Home Featured A salute to (who?) on Adair Drug Tuesday

A salute to (who?) on Adair Drug Tuesday

Downey Eye Clinic

Good morning, esteemed readers! Thanks for starting your day with us here at The County Line. We’re proud to be a part of your morning routine.  

We are already 20-percent of the way through another work week, which means it’s that time once again: Happy Adair Drug Tuesday! This business has been a great support to us, so we hope you let them know it’s appreciated. You can find these fine folks at 510 Burkesville Street in Columbia, or reach them by phone at (270) 384-9999. 

Regular readers of these morning posts know that Adair Drug is not the day’s only cause for celebration, however. It’s The County Line’s mission to call attention to the most obscure, unknown, and underappreciated pseudo holidays we can find, and we’ve got one today that is worthy of sharing the Adair Drug spotlight. 

This is not a silly one—which I have proven a sucker for over and over again—but a day honoring a real person, someone who should be much more famous than she is. If this woman were a fictional character, her achievements would be scoffed at as over-the-top, ridiculous, and unbelievable. Somehow, she’s mostly been forgotten by history, to the point that I only learned about her incredible life a couple days ago. 

Happy Harriet Quimby Day. 

“Who?” I can hear you asking on the other side of that screen. Here’s a brief, cliff notes version of Harriet Quimby’s incredible, movie-biopic-worthy life: 

Around the turn of the 20th century, Quimby established herself as a renowned journalist. At a time when writing the news was still seen as “man’s work,” she was good enough to find employment everywhere she went, from San Francisco to New York City. She found great success as a theater critic, and continued this work even as her ambitions expanded into other, completely unrelated fields. 

1911, less than a decade after the airplane was invented, Quimby became the first American woman to be issued a pilot’s license. It’s almost hard to grasp how novel the concept of a woman pilot was at the time. If this feat had been her life’s only accomplishment, it would still have been enough for Quimby to be considered a trailblazer in the women’s liberation movement. However, she was just getting started.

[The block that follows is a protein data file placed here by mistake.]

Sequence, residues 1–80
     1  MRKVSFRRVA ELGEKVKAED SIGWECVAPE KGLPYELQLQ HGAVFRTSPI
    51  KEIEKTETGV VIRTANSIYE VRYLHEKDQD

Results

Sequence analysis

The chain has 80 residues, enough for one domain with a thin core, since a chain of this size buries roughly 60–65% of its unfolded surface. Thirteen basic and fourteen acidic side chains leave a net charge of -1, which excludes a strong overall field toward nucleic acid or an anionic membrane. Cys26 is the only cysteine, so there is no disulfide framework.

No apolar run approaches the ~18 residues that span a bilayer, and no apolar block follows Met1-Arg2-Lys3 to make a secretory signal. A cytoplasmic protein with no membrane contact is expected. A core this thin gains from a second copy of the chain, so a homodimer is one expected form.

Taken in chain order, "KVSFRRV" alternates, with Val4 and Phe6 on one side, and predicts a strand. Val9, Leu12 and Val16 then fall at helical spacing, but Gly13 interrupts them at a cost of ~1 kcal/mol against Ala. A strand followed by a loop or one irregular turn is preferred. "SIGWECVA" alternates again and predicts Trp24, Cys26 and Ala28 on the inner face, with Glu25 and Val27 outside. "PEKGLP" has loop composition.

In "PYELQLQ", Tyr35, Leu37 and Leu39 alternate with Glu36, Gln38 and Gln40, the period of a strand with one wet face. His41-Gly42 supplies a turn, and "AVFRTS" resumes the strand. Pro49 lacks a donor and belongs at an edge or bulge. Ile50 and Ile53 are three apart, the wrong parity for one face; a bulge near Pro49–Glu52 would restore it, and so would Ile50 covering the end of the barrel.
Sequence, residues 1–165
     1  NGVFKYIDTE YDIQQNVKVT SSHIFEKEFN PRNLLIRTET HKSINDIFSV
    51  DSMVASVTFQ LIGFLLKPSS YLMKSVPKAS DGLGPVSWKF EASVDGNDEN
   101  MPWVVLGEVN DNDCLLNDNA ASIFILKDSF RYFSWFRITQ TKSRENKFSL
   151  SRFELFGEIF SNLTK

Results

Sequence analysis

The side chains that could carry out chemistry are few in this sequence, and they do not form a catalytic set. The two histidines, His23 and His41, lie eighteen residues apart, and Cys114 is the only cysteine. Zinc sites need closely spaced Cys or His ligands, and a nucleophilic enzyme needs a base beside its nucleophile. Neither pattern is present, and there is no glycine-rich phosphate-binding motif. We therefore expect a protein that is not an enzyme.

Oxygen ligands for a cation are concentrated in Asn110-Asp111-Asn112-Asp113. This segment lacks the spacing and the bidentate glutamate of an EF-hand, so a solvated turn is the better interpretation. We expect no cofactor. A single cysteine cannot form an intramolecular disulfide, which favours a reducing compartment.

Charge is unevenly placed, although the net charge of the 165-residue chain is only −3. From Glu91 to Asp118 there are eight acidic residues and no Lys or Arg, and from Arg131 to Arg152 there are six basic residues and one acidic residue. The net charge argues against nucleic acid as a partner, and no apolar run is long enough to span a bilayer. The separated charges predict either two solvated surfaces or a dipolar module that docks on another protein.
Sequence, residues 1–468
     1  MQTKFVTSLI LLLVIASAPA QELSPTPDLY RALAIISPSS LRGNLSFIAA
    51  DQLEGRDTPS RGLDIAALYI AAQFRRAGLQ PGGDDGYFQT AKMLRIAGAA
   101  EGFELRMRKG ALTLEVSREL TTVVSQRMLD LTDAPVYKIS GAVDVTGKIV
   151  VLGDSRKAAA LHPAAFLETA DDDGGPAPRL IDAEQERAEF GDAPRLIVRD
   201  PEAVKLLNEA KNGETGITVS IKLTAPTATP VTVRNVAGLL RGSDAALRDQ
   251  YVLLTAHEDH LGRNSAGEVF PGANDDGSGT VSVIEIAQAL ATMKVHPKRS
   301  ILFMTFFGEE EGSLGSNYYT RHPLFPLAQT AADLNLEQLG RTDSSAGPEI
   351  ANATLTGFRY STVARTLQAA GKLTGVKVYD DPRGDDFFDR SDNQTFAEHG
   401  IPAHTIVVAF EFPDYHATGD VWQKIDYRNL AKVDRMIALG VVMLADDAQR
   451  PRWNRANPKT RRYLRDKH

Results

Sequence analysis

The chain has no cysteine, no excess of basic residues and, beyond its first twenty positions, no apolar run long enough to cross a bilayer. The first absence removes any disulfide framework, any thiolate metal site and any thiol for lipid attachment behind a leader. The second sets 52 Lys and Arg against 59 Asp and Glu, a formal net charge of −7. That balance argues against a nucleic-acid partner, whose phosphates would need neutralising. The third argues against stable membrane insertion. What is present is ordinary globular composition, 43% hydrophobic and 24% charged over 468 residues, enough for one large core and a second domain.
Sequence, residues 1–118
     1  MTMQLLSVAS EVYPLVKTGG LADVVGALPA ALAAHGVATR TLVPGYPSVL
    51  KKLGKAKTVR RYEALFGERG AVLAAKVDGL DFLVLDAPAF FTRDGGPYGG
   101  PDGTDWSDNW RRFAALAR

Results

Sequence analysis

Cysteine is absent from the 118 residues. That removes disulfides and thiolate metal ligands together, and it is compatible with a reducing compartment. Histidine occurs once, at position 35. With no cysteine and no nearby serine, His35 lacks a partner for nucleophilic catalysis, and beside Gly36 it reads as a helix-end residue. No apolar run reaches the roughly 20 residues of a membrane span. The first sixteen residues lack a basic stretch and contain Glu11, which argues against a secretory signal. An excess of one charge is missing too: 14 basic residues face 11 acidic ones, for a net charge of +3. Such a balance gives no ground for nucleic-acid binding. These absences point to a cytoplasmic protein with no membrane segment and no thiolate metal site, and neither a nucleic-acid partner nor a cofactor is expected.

Just a year after making history by earning her license, Quimby outdid herself, becoming the first woman to fly across the English Channel. A bona fide celebrity by this point, thousands of people would come out to see her fly in aviation shows all over the globe. Quimby became a champion of women’s rights and strongly advocated for more females to enter the flying profession. 

Oh yeah, she also went to Hollywood. In the era of silent films, Quimby wrote seven screenplays that were developed into movies. Her writing was apparently as in-demand as her piloting skills, because D.W. Griffith, probably the most famous filmmaker of the day, directed all seven. 

Quimby accomplished all this before she turned 40. Just a few weeks after the history-making English Channel flight, Quimby died in a plane crash, presumed to have been caused by a mechanical malfunction. She was 37 years old, and had accomplished more in the previous few years than most people could hope to in a lifetime. 

For whatever reason, Quimby has been overlooked for more than a century. Even during her remarkable life, she was always, somehow, inexplicably ignored. Her famed flight over the English Channel barely made the news at all, overshadowed by the Titanic, which sank the previous day. This is how it always was for Harriet Quimby. 

Perhaps then it is tragically fitting that this incredible person has experienced the same fate in death as she did in life—barely recognized at all. Despite reaching the highest of peaks in three wildly different professions, few know about her exploits. Thankfully, you and I are now part of that small, exclusive club. 

Now that you and I are in on this secret story of an American icon, let’s seize the day as Quimby would, and try to do something groundbreaking in her honor. 

Hopefully we’re all sufficiently motivated now, inspired by a hero no one younger than 100 has ever heard of, so let’s move on. Here’s the intern with today’s weather report:

At 6:30 a.m., it’s 72 degrees and raining at company headquarters in Russell Springs. Conditions are nearly identical in Jamestown and Columbia. Expect a high in the upper 80s today with likely thunderstorms in the afternoon.

That’s all for now. Check back throughout the day as we’ve got more fresh content headed your way, always from local voices. 

This post is brought to you as part of Adair Drug Tuesday.

Downey Eye Clinic
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Wes Feese is one of this company's owners and founders. He has previously worked as an editor, news reporter, sportswriter, photographer, and freelance contributor for newspapers across central Kentucky. He grew up in the Egypt community of Adair County and is a graduate of Adair County High School and Lindsey Wilson College.